Today, an Australian judge found the band guilty of plagiarizing part of the tune from a popular children's folk song.
"In my opinion, there is a sufficient degree of objective similarity between the bars of 'Kookaburra,' which are seen and heard in 'Down Under' to amount to a reproduction of a part of Miss Sinclair's round," Jacobson said in his decision.
However, he stopped short of saying that "Down Under's" flute riff was a complete replica of "Kookaburra."
"I would emphasize that the findings I have made do not amount to a finding that the flute riff is a substantial part of 'Down Under' or that it is the 'hook' of that song," he said.
Marion Sinclair wrote and composed the tune in the early 1930's and entered it in a Girl Guides competition. The round caught on and was passed down to generations of Australian schoolchildren.
In 2007, Larrikin Music Publishing, the company that bought the rights to "Kookaburra" after Sinclair's death in 1988, discovered the similarities between the two songs and filed suit.
According to court documents, Men at Work's Colin Hay wrote and composed the first version of "Down Under" in 1978. However, the flute riff in question was added a year later by Greg Ham when he joined the group.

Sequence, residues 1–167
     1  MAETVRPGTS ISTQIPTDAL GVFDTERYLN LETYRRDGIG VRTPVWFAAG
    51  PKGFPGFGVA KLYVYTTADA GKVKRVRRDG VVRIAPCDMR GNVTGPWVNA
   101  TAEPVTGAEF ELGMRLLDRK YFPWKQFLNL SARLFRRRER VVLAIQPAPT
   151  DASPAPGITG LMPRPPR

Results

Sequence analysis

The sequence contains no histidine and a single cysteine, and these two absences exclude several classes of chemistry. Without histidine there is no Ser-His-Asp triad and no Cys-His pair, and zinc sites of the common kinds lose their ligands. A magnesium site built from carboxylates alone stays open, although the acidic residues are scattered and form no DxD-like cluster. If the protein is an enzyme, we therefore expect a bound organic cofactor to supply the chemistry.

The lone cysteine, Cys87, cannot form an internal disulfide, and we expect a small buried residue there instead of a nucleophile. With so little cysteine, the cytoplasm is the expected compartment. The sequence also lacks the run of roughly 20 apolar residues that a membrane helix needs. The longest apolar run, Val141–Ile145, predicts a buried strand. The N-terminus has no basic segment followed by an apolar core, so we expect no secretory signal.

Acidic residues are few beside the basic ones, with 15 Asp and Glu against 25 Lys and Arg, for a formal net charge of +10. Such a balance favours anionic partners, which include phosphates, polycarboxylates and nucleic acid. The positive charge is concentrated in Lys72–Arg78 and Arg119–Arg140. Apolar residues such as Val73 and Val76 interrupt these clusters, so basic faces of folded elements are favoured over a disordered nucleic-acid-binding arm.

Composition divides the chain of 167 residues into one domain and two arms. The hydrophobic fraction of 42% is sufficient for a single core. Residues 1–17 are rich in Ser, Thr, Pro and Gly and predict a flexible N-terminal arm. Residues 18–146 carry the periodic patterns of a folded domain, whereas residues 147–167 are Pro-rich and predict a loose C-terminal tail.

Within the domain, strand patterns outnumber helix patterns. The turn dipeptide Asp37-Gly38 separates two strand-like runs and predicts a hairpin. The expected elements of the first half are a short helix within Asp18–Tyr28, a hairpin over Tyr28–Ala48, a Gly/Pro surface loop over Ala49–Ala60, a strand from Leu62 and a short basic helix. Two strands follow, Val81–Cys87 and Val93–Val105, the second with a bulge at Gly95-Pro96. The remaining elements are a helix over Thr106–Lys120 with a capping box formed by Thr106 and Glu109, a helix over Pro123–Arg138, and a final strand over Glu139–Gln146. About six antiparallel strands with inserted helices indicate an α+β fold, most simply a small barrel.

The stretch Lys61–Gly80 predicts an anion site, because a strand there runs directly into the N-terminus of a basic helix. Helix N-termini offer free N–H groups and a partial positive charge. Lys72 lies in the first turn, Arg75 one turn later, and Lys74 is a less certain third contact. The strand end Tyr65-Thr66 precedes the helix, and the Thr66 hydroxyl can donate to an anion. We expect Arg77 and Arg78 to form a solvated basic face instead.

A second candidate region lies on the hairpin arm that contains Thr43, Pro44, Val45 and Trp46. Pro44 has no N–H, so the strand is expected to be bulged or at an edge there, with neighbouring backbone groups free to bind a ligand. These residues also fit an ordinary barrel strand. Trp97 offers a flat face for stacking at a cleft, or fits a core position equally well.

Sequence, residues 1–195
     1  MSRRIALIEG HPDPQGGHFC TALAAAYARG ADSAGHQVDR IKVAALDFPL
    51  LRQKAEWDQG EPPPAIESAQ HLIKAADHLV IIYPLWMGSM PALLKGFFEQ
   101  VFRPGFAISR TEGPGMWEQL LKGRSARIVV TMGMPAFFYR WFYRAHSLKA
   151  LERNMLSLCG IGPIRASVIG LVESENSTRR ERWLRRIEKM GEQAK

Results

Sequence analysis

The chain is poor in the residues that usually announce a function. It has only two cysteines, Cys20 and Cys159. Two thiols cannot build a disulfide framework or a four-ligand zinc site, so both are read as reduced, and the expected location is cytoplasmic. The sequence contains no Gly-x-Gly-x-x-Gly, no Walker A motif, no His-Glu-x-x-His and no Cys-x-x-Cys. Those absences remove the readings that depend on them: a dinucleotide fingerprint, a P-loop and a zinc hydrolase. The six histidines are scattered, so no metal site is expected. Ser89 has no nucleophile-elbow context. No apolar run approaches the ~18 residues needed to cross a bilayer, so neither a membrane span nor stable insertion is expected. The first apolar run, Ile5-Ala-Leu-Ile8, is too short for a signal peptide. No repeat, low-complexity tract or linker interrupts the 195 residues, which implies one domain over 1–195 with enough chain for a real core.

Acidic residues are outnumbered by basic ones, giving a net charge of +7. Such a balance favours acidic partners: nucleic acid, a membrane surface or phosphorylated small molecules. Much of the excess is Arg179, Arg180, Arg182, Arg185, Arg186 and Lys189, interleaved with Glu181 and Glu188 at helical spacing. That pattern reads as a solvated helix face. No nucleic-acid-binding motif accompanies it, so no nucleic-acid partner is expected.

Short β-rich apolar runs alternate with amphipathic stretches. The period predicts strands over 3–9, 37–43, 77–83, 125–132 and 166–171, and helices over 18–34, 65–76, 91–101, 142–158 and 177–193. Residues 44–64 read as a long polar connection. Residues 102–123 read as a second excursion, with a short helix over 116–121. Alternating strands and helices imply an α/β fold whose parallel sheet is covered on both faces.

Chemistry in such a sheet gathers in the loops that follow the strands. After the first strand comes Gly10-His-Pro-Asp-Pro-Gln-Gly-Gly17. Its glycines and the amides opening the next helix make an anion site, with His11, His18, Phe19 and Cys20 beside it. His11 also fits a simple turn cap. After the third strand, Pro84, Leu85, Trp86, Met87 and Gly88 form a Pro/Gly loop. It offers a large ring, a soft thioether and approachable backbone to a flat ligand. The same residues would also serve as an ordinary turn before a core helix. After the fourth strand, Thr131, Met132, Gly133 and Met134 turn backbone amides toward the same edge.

In a statement published in Australia's Herald Sun newspaper, Hay admitted that the group inadvertently incorporated parts of the "Kookaburra" melody into its song, but that as a whole it was unrecognizable from Sinclair's song.
"It is indeed true, that Greg Ham, (not a writer of the song) unconsciously referenced two bars of 'Kookaburra' on the flute, during live shows after he joined the band in 1979, and it did end up in the Men at Work recording," Hay said. "It may well be noted, that Marion Sinclair herself never made any claim that we had appropriated any part of her song 'Kookaburra,' and she wrote it, and was most definitely alive, when Men at Work's version of 'Down Under' was a big hit. Apparently she didn't notice either."
Now Larrikin Publishing is preparing to recover millions lost in unpaid royalties.
As for "Down Under," Hay said the song remains dear to him despite Jacobson's ruling.
"I believe what has won today is opportunistic greed, and what has suffered, is creative musical endeavour," he wrote. "This outcome will have no real impact upon the relationship that I have with our song 'Down Under,' for we are connected forever. ... 'Down Under' lives in my heart, and may perhaps live in yours. I claim it, and will continue to play it, for as long as you want to hear it.
Jacobson ordered the parties to meet again in court on Feb. 25 to determine how to proceed with respect to compensation, The Associated Press reported.